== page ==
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Making Social Media Work — A Guide for Beginners

2.3 billion users worldwide -- that's how many "users" Facebook has grown to as of the first quarter of 2018. 

Source: Statista

800 million — in September 2017, that was where bean counters placed the number of global users on Instagram. 

Source: Statista

The demographic distribution of users may interest businesses even further:

Source: Statista

And, unsurprisingly, the country with the highest number of these users? That would be the United States, with Brazil, India and Indonesia close behind. 

Source: Statista

Really take a moment to consider these numbers because the numbers paint a compelling picture. For businesses, these numbers mean that a significant portion of their users exist online on "social networks" — two of the biggest of which are Facebook and Instagram. 

This is a picture that includes the potential that businesses have to reach a wider audience on platforms where users -- individuals -- already exist at no extra cost to them. It would be the real-world equivalent of having everyone gather in the town square and to be able to market to them directly. 

Conveniently enough, Facebook's purchase and subsequent integration of Instagram has meant that the advertorial power that the social media giant wields now also extends its "reach" (no pun intended) to Instagram users. 

Social media, essentially, gives businesses access to a new crop of leads for their businesses at a fraction of the cost that it might take to target these potential customers through traditional marketing means. Besides this, benefits include:

  • Building authority, honesty and transparency, which are key values for a company to become a preferred brand, especially with a definitive rise in the buying power of millennials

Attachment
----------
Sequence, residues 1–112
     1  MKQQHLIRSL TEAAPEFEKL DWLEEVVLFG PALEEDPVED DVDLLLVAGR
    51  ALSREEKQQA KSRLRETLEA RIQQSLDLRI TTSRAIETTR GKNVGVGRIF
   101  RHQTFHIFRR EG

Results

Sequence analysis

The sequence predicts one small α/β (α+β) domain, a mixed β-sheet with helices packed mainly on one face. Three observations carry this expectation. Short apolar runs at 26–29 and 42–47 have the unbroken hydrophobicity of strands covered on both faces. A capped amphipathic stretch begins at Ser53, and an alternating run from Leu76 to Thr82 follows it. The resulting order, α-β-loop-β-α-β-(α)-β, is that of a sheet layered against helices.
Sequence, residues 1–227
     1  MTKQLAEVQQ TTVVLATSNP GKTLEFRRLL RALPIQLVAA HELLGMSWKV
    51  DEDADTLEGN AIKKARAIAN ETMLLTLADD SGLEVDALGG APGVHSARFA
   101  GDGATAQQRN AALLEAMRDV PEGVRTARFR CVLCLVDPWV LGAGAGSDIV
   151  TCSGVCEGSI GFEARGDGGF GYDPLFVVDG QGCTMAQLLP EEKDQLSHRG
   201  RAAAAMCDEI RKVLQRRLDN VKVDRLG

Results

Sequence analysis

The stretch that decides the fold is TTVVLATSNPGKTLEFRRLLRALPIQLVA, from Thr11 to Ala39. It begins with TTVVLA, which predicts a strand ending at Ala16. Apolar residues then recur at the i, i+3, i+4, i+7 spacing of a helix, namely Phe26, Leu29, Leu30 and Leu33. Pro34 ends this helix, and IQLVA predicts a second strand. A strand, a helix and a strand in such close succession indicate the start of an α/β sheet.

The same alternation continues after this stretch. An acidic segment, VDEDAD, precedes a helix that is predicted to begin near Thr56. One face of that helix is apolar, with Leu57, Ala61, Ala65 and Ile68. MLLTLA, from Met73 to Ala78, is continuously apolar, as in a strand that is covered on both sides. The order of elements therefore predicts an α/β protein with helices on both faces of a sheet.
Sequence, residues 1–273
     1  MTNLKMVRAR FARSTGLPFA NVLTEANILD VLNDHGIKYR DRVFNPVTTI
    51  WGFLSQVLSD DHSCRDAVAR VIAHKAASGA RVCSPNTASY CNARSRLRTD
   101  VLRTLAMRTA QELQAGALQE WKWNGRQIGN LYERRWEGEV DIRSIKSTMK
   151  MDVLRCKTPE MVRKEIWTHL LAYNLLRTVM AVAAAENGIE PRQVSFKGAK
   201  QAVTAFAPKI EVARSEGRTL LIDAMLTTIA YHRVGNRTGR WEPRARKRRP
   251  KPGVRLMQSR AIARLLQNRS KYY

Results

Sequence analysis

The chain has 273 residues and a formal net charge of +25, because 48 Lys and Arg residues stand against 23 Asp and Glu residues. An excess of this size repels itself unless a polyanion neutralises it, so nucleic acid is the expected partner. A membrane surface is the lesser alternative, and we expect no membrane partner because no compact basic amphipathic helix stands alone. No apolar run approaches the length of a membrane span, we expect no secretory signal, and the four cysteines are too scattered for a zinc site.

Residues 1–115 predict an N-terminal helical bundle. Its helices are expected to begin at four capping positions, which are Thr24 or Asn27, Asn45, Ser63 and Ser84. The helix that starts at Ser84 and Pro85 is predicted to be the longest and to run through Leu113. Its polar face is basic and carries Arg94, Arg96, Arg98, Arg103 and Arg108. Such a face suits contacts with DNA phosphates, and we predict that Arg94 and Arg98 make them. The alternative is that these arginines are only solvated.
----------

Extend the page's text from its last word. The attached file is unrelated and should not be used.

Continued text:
• Creating strategic partnerships with "influencers" and brand ambassadors as well as potential customers of a brand
  • Using the comments section as ways to respond to questions, promote content, and prevent customer churn 

1. Aligning Content and Brand

The first place to get started with social media? Not on social media. 

Instead of trying to pick your platform(s), begin with what you've already got: Visual elements, brand collateral and the visual identity that has been built into your website and business. 

This includes logos, fonts, typographic style elements, graphic elements, brand colours, icons and even the brand "voice". 

For example, let's take two fitness businesses. Both businesses offer products and services related to fitness. One product that is similar across both businesses are branded "Bikini Body" guides. 

It might seem repetitive and as though the two businesses would be direct competitors. In some ways, they are. However, their audience is vastly different because the tone of voice, the values and the perceived intensity of the fitness guides are all perceptions that are translated through visual elements. 

A potential customer's decision to put their vote of confidence in one business over another and purchase similar products according to their preferred business is based, here, on the consistent visual elements. What elements speak more to what type of buyer?

Tone It Up 

The business's mobile-view of the website looks like this:

As you can see, the filters and visual elements include particular fonts and pink, peach, aqua and teal overlays and buttons. 

Now take a look at their Facebook and Instagram identities. 

Notice how the colours are carried through on all posts on Tone It Up's Instagram account. 

This remains the same on Facebook:

The brand has a clear target audience, based on its choices in visual elements. It seems to be focused on women who love the beach, the west coast and it has a very fun, flirty and feminine feeling. Sunny day and toned bodies come to mind. 

And any customers who align and identify with (or even simply aspire to) this will be their target potential buyers.

Kayla Itsines

Now, let's take a look at the mobile-view of Kayla Itsines, a self-styled "personal trainer" focused on producing "Bikini Body guides".